Despite capable of shooting 720p HD video content, the rear-mounted camera's video recording credentials are still a severe disappointment, with fast moving objects reduced to a blur and still images appearing to have been digital zoomed to further reduce the imaging quality.
Take a look at our sample video footage below and you will see the poor quality for yourself.
Interface, performance and battery life
One of Apple's standout features that bridges its full catalogue of products, the iPad 2's interface is a joyously simple, intuitive and easy to follow system which, thanks to the recent iOS 5.1 update is identical to that found upon the newer and more expensive third-generation iPad.
- See the full iOS 5.1 interface breakdown in our new iPad 3 review
Arguably the most intuitive user interface found on any tablet device, Apple's iOS software makes the iPad a device that can be picked up by any tablet novice of technophobe alike and be transformed into an app filled, internet browsing, video playing, photograph capturing powerhouse in a matter of hours.
The iPhone replicating operating system is largely responsible for pioneering the app-based interfaces that now dominate the portable device scene.
Utilising its simplistic app-based OS, the iPad 2 features an easy to adopt point and shoot style user interface with consumers required to make use of the expansive 9.7-inch highly reactive touchscreen in order to navigate their way through menus, desired programmes and dedicated tasks.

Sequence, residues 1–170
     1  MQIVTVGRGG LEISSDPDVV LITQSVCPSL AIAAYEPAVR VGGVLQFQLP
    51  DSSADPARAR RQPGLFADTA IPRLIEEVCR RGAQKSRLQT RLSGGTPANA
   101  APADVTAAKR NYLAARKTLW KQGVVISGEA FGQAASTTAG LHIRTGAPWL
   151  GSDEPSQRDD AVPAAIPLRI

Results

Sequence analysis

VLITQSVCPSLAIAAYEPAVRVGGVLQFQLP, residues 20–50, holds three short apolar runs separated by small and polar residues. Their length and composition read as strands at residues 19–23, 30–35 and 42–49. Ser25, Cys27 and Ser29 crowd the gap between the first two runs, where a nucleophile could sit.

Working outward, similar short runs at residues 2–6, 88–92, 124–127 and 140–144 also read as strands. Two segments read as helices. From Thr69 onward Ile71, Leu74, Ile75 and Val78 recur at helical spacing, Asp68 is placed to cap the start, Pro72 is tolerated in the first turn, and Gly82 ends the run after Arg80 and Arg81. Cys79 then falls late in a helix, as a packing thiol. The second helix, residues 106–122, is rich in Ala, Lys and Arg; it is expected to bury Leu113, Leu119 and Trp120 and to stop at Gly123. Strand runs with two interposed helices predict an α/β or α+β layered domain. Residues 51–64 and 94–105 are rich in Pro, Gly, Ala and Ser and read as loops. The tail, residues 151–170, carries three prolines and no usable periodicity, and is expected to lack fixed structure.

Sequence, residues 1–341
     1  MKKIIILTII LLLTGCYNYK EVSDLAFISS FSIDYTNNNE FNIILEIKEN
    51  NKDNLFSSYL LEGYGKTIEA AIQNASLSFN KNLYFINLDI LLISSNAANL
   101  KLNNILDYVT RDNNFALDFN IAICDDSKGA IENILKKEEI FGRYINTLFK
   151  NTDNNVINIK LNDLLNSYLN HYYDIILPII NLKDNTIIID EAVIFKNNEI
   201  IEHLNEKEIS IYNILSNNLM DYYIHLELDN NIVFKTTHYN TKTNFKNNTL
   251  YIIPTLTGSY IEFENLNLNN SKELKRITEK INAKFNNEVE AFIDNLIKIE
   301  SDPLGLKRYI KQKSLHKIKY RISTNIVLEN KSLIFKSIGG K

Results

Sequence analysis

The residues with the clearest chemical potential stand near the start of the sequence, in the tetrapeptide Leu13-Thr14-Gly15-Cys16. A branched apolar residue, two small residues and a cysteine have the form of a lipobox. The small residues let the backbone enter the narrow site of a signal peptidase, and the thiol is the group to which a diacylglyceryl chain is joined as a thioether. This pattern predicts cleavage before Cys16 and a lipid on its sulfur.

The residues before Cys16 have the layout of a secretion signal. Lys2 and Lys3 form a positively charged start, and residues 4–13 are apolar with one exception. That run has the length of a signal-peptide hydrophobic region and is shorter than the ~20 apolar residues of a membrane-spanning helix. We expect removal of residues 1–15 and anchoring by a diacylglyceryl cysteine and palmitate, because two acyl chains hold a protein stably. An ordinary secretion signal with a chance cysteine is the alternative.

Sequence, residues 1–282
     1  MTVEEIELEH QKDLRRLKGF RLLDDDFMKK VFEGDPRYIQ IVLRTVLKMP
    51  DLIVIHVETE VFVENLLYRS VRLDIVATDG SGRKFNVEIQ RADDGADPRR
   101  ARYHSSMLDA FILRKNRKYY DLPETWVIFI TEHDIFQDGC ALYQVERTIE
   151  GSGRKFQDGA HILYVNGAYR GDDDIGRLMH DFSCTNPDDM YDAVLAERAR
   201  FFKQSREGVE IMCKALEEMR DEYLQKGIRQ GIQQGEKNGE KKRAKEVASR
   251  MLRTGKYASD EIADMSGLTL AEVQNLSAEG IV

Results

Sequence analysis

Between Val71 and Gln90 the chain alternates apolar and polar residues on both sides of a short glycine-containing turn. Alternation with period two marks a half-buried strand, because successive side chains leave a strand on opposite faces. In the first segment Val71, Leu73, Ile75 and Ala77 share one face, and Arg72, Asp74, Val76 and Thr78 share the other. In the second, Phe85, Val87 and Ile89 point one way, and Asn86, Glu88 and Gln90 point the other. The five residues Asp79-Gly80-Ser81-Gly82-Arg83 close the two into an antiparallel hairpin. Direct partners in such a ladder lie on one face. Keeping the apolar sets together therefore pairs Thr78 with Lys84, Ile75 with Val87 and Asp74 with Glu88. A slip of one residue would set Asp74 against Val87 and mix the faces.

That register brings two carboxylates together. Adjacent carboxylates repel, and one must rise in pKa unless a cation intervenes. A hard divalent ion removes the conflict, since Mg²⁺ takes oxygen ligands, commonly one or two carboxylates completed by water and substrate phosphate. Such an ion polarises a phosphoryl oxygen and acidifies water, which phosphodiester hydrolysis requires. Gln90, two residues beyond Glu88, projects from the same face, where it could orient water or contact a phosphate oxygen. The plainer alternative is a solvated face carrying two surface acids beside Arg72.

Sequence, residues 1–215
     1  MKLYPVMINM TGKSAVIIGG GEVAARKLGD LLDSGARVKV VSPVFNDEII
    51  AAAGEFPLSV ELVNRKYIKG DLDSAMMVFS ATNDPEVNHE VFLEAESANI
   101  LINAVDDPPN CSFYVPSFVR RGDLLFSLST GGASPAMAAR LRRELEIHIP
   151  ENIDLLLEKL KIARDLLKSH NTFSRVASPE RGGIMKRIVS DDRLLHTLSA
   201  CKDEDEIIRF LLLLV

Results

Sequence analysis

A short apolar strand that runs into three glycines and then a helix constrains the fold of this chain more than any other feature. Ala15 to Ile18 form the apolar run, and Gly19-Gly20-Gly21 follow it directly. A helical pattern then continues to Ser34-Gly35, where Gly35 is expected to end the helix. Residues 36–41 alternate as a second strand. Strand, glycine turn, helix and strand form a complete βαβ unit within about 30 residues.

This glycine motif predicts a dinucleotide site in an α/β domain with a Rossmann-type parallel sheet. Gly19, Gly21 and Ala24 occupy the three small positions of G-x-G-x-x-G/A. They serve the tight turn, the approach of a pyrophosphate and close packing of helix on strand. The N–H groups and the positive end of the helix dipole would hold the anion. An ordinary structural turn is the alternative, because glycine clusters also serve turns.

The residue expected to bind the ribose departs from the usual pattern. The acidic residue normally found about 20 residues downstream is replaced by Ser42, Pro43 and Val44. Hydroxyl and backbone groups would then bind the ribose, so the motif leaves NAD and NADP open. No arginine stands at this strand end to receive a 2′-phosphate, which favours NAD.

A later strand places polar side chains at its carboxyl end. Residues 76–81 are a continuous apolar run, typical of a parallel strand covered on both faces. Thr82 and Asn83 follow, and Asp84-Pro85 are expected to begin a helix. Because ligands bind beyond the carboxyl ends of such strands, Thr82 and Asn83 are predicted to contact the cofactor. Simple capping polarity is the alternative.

With fast reaction times, little fuss when opening and navigating through applications and barely any fanfare when connecting the device to Wi-Fi and 3G networks, the iPad 2 is almost faultless in its performance with hardware and software combining seamlessly on a number of fronts to produce a device that is a match to the needs and requirements thrown at it by all manner of users.
For those wannabe iPad 2 owners who demand strong internet connections wherever they are, the tablet's optional 3G network connectivity features are simple to set up with self-assigning network tethering ensuring strong signal wherever available that helps transform the iPad into a truly portable device despite a form factor that cast a number of shadows when first introduced in 2010.
Thanks to the inbuilt 25 watt-hour rechargeable lithium polymer battery, the new iPad predecessor plays host to a touted 10 hour battery life that rings true when doing little more than browsing web pages through Wi-Fi means, listening to music and creating the odd note or document.
Throw more power-hungry tasks at the device such as app use or downloading and the working day encompassing battery life quickly diminishes with gaming a metaphorical plug to the battery's power reserves.
Internet browser, apps and games